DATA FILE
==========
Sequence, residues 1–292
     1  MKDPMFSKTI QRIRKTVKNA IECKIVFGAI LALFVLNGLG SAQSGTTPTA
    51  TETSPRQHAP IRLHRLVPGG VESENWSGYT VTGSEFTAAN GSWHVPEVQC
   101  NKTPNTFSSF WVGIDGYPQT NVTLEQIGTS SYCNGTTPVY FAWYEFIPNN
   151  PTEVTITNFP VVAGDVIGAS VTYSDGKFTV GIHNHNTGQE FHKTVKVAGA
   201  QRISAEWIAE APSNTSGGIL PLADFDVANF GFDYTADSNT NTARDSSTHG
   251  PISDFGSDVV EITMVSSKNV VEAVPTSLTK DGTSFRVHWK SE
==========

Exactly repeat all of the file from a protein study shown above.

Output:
Sequence, residues 1–292
     1  MKDPMFSKTI QRIRKTVKNA IECKIVFGAI LALFVLNGLG SAQSGTTPTA
    51  TETSPRQHAP IRLHRLVPGG VESENWSGYT VTGSEFTAAN GSWHVPEVQC
   101  NKTPNTFSSF WVGIDGYPQT NVTLEQIGTS SYCNGTTPVY FAWYEFIPNN
   151  PTEVTITNFP VVAGDVIGAS VTYSDGKFTV GIHNHNTGQE FHKTVKVAGA
   201  QRISAEWIAE APSNTSGGIL PLADFDVANF GFDYTADSNT NTARDSSTHG
   251  PISDFGSDVV EITMVSSKNV VEAVPTSLTK DGTSFRVHWK SE